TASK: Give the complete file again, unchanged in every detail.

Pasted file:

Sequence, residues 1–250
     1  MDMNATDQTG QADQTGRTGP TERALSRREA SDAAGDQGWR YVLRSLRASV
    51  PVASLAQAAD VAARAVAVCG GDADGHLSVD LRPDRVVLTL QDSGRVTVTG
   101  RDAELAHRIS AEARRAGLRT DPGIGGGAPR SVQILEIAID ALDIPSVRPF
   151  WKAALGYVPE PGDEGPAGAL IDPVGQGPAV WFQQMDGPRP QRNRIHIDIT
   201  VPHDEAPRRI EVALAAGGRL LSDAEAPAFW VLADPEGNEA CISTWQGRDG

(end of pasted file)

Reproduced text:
Sequence, residues 1–250
     1  MDMNATDQTG QADQTGRTGP TERALSRREA SDAAGDQGWR YVLRSLRASV
    51  PVASLAQAAD VAARAVAVCG GDADGHLSVD LRPDRVVLTL QDSGRVTVTG
   101  RDAELAHRIS AEARRAGLRT DPGIGGGAPR SVQILEIAID ALDIPSVRPF
   151  WKAALGYVPE PGDEGPAGAL IDPVGQGPAV WFQQMDGPRP QRNRIHIDIT
   201  VPHDEAPRRI EVALAAGGRL LSDAEAPAFW VLADPEGNEA CISTWQGRDG